A 31 years old patient, married since 10 years, gravida 4, living 1, spontaneous abortion 2, with 40 weeks of gestation with previous lower segment cesarean section done, was admitted in our tertiary care hospital in latent phase of labour. On admission patient was complaining of pain in abdomen with no complaints of bleeding or leaking per vaginum. She had a female child of 5 years, delivered at term by emergency lower segment caesarean section (LSCS) done in view of cephalopelvic disproportion. There was no history of intraoperative or post-operative complication. Second and third pregnancies ended as spontaneous abortions. Dilatation and curettage was not done both the time. Gravida 4 - present pregnancy, patient was registered at peripheral hospital and she had no history of any complications in this pregnancy. On admission – vital parameters were normal, cardiovascular system- both heart sounds were heard more prominently on right fifth intercostal space, no murmur was heard, Respiratory system - clear, air entry bilaterally equal. Per abdomen-uterus full term, vertex presentation, fetal heart rate 140 bpm, was getting minimal uterine activity, previous lower segment pfannenstiel scar was present, and no scar tenderness was noted. Per vagina - cervical os - one finger loose, 30 % effaced, vertex presentation, with bilateral convergent wall suggestive of mid pelvic contraction. Decision of emergency lower segment caesarean section (LSCS) was taken in view of cephalopelvic disproportion after cardiac evaluation. Twelve lead Electrocardiogram was done suggestive of inversion of T waves in aVL, v 1- v 6. Cardiac reference was done and 2D-ECHO was advised. Echocardiography confirmed dextrocardia with normal cardiac valve areas and normal size ventricle and atria with ejection fraction of 60%, no PAH, no evidence of vegetation. Fitness for emergency lower segment caesarean section was given by cardiologist. Ultrasonography of abdomen was advised and was suggestive of situs inversus-large lobe of liver in left hypochondria, gallbladder in left hypochondria, and spleen in right hypochondria. Emergency LSCS was done under spinal anaesthesia, no intraoperative complication occurred. Intraoperative large lobe of liver in left hypochondria was noted. Patient was monitored postoperatively, no complication occurred. In Postoperative period X-ray chest of mother and baby was done, mother’s X-ray was again suggestive of situs inversus (pic-1). X-ray chest of baby was normal. Patient was discharged on day 5 of LSCS. Patient was informed regarding the complication that can occur with situs inversus and screening of other family member was advised.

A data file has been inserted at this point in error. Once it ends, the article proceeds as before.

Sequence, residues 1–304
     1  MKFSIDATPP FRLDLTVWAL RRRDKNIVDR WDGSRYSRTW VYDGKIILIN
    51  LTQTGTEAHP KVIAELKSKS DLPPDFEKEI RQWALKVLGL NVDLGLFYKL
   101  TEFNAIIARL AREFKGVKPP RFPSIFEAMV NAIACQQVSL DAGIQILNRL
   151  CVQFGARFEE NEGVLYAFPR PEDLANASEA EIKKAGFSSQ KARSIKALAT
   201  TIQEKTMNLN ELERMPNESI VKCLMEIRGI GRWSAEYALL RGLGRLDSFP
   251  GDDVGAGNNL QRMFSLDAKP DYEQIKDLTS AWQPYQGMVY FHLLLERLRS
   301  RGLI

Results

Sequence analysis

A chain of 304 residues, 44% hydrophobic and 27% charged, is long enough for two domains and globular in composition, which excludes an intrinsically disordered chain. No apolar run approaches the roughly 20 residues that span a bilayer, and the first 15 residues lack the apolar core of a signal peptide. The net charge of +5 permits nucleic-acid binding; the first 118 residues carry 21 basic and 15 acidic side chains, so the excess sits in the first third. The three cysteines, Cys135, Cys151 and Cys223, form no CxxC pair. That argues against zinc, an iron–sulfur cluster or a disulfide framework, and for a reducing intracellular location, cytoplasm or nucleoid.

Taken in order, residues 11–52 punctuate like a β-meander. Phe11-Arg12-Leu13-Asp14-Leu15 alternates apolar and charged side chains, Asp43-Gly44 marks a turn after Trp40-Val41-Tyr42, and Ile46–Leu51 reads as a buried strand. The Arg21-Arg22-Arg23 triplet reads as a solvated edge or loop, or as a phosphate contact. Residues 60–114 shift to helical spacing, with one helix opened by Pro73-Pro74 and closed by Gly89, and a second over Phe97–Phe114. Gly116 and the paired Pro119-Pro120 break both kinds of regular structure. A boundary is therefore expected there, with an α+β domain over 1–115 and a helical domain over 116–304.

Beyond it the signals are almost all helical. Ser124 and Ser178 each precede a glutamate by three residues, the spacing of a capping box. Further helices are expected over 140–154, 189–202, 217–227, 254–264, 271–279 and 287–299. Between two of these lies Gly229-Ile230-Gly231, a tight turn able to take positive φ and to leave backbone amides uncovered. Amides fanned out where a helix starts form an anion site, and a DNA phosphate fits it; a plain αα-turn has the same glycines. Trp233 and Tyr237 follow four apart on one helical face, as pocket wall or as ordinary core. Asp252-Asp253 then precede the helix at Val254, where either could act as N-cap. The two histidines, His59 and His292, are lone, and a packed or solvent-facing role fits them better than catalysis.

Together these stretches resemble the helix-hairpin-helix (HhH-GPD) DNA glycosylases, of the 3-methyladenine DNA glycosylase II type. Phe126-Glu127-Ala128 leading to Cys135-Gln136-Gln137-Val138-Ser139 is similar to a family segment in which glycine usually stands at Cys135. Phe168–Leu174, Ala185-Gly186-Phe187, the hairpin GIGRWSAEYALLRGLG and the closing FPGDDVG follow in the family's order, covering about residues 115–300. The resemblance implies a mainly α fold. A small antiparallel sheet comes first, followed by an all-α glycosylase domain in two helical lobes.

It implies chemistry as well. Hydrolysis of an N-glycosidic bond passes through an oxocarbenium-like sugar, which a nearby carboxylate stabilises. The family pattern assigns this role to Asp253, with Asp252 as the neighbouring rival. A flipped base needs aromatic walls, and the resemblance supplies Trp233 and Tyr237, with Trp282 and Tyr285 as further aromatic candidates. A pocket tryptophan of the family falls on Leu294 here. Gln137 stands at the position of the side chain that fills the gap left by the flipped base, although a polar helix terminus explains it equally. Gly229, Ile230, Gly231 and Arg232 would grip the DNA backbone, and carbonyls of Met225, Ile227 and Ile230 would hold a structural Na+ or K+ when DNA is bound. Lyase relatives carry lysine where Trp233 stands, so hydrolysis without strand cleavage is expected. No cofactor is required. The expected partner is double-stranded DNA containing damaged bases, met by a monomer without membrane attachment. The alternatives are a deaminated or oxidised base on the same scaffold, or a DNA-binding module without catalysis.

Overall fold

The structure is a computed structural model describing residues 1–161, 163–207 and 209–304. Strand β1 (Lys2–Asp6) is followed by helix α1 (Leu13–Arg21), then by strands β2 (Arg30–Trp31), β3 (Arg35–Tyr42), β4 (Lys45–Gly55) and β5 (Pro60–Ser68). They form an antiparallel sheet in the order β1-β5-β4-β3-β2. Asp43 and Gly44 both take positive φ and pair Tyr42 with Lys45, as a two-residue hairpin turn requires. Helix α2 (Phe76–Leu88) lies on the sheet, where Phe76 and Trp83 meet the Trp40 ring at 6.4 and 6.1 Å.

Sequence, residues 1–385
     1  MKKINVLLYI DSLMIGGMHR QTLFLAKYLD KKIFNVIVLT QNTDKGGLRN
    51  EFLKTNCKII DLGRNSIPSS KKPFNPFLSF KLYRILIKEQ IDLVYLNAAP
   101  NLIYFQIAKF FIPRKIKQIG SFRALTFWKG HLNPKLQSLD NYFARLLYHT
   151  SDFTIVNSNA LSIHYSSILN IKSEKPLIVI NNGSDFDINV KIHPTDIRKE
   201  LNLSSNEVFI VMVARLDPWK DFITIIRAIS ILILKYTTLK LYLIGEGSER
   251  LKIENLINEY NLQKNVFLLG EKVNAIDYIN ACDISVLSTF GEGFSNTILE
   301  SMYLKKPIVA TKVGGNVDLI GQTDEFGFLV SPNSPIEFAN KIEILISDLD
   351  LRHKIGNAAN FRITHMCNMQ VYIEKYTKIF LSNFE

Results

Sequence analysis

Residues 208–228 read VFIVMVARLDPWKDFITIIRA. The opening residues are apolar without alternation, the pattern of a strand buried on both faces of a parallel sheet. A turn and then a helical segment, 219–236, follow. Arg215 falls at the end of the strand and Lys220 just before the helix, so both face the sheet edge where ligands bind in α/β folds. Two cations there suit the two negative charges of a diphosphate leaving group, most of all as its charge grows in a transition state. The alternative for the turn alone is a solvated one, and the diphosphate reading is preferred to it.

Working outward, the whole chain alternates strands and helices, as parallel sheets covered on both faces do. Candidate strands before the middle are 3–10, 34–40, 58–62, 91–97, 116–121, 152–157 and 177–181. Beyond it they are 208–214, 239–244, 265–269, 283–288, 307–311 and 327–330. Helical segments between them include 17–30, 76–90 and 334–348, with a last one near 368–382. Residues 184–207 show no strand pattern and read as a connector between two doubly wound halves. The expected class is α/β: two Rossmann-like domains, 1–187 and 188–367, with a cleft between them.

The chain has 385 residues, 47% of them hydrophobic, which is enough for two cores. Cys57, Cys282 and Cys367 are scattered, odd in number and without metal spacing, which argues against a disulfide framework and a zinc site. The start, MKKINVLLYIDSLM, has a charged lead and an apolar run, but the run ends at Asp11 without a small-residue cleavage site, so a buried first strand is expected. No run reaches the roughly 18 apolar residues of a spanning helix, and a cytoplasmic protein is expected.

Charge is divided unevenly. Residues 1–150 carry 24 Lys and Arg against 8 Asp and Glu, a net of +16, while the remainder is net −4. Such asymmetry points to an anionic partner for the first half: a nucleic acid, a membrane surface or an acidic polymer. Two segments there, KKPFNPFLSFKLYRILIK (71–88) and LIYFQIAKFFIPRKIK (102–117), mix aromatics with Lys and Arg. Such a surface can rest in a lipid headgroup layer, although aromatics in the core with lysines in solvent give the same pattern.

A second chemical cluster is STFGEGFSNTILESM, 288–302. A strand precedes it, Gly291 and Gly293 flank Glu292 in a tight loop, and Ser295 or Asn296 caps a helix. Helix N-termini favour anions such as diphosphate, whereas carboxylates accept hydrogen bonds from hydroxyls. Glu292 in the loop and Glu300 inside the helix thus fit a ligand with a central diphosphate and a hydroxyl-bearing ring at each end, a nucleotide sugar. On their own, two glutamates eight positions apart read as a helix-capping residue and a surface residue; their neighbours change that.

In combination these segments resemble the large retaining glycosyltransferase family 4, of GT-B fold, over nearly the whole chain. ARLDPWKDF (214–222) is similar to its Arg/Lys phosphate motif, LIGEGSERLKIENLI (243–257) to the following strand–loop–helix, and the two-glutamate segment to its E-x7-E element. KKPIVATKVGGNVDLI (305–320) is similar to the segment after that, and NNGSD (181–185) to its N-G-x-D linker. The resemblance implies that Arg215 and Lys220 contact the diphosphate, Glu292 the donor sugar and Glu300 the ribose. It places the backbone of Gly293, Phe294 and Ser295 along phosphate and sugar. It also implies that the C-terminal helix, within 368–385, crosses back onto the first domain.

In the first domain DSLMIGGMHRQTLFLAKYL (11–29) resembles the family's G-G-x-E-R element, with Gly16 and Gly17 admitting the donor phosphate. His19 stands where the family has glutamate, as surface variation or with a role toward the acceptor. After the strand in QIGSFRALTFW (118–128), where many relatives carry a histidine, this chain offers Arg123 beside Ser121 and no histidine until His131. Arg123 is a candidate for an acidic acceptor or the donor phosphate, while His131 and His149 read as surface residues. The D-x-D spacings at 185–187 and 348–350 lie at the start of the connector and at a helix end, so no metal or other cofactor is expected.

Figure 1. Chest radiograph showing dextrocardia with fundic bubble of stomach on right side.